Photographing Trade Show and Exhibit Booths the Professional Way
Exhibit Booth Photography can be a lucrative opportunity for an event photographer. It can also be deceptively difficult to do it right. Large or small, exhibit booths are a critical part of trade show and conventions and therefore, an important investment worth photographing. Exhibit booth companies spend a lot of time and research creating and designing booths that are not only functional, but also aesthetically pleasing and ergonomically designed. Business, big and small look to exhibit and trades shows and invest ever-increasing amounts of time and money using these booths to attract and educate their new and potential customers and clients. The importance of excellent professional booth photography and photographers can’t be overstated.
Exhibit booth photography can be deceptively complicated. What do I mean by that? Camera and Photoshop, What else is there right? Well, the truth is that though you might be able to get by with that, to truly separate your work from the average, and keep your clients coming back, there is a lot more you should be doing.
The Basics. Camera, Lens, Tripod
Let’s start with the basics. Camera, tripod, and lens. What kind of camera should you be using? My choice, a digital 35mm Slr and here is why. It’s not about the sensor, quality or speed, but in the flexibility. Raw files, aperture control, HDR, color temperature, lens type, cable release, tripod mount, on-camera flash, and a bubble level. These are all important features you may or may not need when shooting booths. With a digital SLR, you have these options. It’s also about accessories and adaptability. Bubble levels, polarizing filters, tripod mounts, and a cable release, are all important accessories I consider must-haves for booth photography.
Lens choice is the second basic. Wide, super wide, telephoto or even a tilt and shift, having the flexibility of varying focal lengths is critical to taking booth photography to a level your competition isn’t. The space you have to work in, the size of the booth, and obstacles around the booth are all factors you can adapt to and mitigate when you have the proper arsenal of lenses. Much of photography is about problem-solving. Having options allows you to solve those problems easily and professionally.
The Tripod. A Most Versatile Tool
Having a tripod and a camera you can easily mount is critical to professional exhibit booth photography. From low light to HDR and exposure bracketing, to depth of field and focus considerations, a sturdy, adaptable tripod gives you incredible flexibility and is an outstanding problem-solving tool. I always shoot booths and architecture in manual mode. This includes manual focus. I also use a cable release to avoid any kind of camera shake. You can use the 2-second time shutter release option in a pinch, but with a cable release, I can fire when I need to letting me time my shots during playbacks on monitors and screens or to avoid people walking into my shots. Here are just some of the benefits of having a tripod-mounted camera.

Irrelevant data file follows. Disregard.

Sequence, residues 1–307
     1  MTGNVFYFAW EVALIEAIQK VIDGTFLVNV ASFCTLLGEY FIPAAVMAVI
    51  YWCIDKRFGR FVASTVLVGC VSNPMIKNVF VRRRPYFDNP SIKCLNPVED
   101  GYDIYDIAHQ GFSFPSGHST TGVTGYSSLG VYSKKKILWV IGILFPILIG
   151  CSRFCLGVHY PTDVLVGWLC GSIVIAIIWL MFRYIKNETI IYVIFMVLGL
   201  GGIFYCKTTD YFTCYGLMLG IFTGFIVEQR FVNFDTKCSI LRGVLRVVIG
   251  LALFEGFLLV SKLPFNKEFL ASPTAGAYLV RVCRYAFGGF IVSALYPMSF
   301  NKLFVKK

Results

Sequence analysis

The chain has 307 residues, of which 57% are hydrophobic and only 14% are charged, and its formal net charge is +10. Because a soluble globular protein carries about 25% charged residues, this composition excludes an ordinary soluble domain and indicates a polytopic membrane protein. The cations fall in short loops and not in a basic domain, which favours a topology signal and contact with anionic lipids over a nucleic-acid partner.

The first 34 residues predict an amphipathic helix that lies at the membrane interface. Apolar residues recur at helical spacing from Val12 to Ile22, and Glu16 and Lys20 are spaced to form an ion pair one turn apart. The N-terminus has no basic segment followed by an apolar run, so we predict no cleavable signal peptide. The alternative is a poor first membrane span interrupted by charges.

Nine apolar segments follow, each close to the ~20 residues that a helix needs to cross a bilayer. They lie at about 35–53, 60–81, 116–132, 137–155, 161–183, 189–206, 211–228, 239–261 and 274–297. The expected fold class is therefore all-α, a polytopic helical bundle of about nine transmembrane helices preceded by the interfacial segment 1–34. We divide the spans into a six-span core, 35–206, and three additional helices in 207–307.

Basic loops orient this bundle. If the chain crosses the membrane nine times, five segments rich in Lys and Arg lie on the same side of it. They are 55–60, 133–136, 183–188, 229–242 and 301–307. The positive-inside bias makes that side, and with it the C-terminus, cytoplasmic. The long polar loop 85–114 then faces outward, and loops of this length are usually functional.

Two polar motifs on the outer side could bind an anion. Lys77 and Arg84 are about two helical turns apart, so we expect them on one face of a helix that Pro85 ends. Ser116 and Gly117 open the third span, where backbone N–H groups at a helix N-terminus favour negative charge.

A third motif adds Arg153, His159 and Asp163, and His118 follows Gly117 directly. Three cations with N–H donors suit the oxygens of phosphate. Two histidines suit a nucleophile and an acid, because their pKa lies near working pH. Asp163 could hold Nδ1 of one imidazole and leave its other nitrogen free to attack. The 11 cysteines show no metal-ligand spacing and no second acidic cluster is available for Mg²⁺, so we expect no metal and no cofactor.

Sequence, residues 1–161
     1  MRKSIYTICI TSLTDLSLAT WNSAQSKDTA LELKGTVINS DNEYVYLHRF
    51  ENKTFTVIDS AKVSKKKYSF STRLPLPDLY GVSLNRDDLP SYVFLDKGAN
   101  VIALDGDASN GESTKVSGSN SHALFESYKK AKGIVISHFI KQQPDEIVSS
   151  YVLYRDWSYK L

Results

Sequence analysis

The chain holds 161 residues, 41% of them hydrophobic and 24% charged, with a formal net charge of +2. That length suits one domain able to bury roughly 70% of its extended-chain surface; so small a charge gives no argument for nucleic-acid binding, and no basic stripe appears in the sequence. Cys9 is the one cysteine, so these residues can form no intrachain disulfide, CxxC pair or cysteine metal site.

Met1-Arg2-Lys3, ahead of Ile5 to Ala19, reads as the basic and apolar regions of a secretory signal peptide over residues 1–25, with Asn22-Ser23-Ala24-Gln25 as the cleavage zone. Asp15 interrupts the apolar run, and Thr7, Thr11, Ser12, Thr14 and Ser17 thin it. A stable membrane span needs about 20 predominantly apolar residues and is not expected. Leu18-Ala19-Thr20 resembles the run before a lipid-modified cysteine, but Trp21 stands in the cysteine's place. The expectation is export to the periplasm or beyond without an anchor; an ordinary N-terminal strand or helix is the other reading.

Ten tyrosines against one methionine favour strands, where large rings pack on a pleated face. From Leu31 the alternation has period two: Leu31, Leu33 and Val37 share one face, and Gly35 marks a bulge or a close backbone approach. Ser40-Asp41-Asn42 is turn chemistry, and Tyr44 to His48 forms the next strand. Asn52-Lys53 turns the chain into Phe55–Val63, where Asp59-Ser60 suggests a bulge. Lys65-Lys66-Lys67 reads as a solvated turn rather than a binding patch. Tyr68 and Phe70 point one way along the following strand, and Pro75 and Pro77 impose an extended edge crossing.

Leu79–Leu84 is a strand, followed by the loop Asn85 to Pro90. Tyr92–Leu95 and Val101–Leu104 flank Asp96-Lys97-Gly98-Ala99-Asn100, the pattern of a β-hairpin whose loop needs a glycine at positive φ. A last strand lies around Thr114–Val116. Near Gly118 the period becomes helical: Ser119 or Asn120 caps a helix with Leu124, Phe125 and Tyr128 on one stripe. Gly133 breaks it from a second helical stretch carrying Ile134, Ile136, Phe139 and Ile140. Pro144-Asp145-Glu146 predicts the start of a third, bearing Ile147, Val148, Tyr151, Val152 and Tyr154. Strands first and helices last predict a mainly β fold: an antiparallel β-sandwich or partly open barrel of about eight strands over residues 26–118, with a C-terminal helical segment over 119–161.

- Low light, no problem. It allows for slower shutter speeds.
- Lower ISO, better image quality.
- Large of depth of field, small aperture, lots of focus and detail.
- It allows me to use a polarizer on the lens to avoid glare and reflection.
- Can shoot in HDR or multi exposures for stacking in post.
High Dynamic Range in Exhibit Booth Photography
HDR (High Dynamic Range) or stacking multi exposures in post, allows you to compensate for areas of highlights and shadows and increases the exposure range of your images. This creates images that capture much more details of a booth than a single exposure can. I remember in the days of film, if I wanted this kind of dynamic range, I would need to bring an arsenal of portable lighting to even things out. With an average exposure, spotlighted features, screens, and monitors are blown out. Exposing for the monitors and highlights leaves the rest of the image dark and underexposed. This in turn creates unacceptable levels of noise in the shadows as you try to bring them up to proper levels in post. At best, you create a lot of extra work in post as you try to make things look their best. My advice is to learn to use your camera’s HDR functions. They do a pretty good job and with just a little tweaking in post, can give you very acceptable results. Just be careful not to overdo it. In my opinion, there is nothing worse than an overcooked HDR image. Keep it real.